Jessica Anderson and Amanda Murdie
Empirical international relations (IR) theory developed three generalized statements regarding why human rights abuses occur. First, human rights abuses are a way for an unrestrained state, especially the executive branch and its agents, to try to control individuals and hold on to power. Second, respect for human rights is an international norm, and international socialization and pressure about this norm can, in certain situations, affect behavior. Third, the codification of human rights norms into international treaties may influence behavior but, similar to our understanding of the effect of other treaties on state behavior, states only bind themselves weakly, and certain conditions are necessary for treaties to affect human rights.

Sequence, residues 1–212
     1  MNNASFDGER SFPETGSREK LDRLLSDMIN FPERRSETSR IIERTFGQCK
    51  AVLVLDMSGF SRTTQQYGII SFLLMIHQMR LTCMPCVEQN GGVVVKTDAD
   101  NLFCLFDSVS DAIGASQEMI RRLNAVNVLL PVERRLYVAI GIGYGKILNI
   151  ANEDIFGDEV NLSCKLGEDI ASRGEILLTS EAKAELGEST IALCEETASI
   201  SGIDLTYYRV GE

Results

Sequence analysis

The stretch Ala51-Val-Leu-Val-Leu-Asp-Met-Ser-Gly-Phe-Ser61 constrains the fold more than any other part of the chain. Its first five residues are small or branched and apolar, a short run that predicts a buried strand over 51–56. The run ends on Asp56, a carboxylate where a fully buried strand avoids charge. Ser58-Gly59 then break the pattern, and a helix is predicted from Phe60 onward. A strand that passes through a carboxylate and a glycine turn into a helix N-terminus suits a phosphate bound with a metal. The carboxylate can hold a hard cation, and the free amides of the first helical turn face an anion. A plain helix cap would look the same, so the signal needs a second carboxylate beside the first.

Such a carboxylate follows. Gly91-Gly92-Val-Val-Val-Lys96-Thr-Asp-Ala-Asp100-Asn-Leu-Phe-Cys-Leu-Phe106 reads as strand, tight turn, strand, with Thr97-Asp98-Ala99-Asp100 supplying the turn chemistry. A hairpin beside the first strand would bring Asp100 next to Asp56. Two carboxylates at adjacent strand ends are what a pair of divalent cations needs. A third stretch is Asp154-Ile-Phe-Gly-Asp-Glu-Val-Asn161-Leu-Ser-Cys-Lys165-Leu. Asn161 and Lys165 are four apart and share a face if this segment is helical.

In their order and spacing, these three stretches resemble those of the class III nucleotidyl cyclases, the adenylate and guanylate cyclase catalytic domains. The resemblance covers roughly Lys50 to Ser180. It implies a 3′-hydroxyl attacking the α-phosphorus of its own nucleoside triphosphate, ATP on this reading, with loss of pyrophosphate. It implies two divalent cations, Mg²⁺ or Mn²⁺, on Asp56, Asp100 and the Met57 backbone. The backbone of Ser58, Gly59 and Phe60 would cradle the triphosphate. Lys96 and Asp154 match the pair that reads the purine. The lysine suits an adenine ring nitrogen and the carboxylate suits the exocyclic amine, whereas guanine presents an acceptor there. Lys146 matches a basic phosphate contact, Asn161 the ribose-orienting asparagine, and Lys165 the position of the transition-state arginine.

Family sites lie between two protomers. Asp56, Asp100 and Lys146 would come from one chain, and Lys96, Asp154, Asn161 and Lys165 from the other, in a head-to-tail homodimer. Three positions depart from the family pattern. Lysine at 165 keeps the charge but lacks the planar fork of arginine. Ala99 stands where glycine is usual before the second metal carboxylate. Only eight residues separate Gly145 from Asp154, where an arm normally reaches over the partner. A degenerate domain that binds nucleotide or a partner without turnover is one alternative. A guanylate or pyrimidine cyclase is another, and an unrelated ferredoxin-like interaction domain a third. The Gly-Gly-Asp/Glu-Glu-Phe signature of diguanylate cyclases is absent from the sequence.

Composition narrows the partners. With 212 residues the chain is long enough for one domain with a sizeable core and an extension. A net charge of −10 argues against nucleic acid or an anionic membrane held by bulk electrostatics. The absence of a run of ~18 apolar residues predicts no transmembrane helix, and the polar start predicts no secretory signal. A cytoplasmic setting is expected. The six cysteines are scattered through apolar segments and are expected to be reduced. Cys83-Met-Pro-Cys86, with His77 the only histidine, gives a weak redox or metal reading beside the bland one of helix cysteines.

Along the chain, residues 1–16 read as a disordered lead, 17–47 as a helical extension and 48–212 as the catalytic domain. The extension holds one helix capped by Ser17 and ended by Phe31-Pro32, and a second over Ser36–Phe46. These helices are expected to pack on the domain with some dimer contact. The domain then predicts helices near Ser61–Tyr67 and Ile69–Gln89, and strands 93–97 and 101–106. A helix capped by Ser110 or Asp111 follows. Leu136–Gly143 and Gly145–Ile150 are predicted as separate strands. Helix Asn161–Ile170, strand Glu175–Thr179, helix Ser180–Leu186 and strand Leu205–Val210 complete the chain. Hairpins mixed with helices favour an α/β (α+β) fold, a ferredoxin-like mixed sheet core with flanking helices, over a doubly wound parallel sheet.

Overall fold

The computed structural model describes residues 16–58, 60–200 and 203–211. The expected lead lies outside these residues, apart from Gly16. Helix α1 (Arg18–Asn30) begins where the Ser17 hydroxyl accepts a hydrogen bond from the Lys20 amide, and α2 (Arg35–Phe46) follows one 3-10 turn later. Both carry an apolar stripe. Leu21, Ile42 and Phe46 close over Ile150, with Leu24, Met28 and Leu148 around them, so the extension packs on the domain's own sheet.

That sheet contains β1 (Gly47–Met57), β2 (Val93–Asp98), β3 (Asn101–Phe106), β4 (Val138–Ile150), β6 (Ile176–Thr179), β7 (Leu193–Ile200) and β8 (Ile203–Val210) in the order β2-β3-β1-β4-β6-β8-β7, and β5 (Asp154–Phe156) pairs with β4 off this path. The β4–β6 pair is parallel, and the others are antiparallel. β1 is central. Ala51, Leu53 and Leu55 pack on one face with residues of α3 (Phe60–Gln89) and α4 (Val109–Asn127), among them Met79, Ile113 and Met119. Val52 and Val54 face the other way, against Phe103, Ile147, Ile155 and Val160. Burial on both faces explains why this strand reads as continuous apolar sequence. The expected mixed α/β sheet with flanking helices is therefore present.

Women are playing an increasingly significant role in terrorism. As men are progressively targeted by security personnel, using female operatives provides terrorist organizations with a “win-win” scenario; if security forces avoid invasively searching women for fear of outraging the local conservative population (based on social norms of women’s modesty and the honor code), women are the ideal stealth operatives. If security personnel are too aggressive in searching women, they aid terrorist recruitment by outraging the men in that society and providing the terrorists with propaganda that “our women” are being violated. In most conflicts, women remain an untapped resource. Recruiting women allows terrorist organizations to access an additional 50% of the population. Female attacks generate greater media attention than those conducted by men. This is especially relevant when media attention is one of the terrorists’ main objectives. Although women’s involvement in terrorist and extremist activities is not a recent development, their presence as frontline activists, propagandists, and recruiters is increasing around the globe.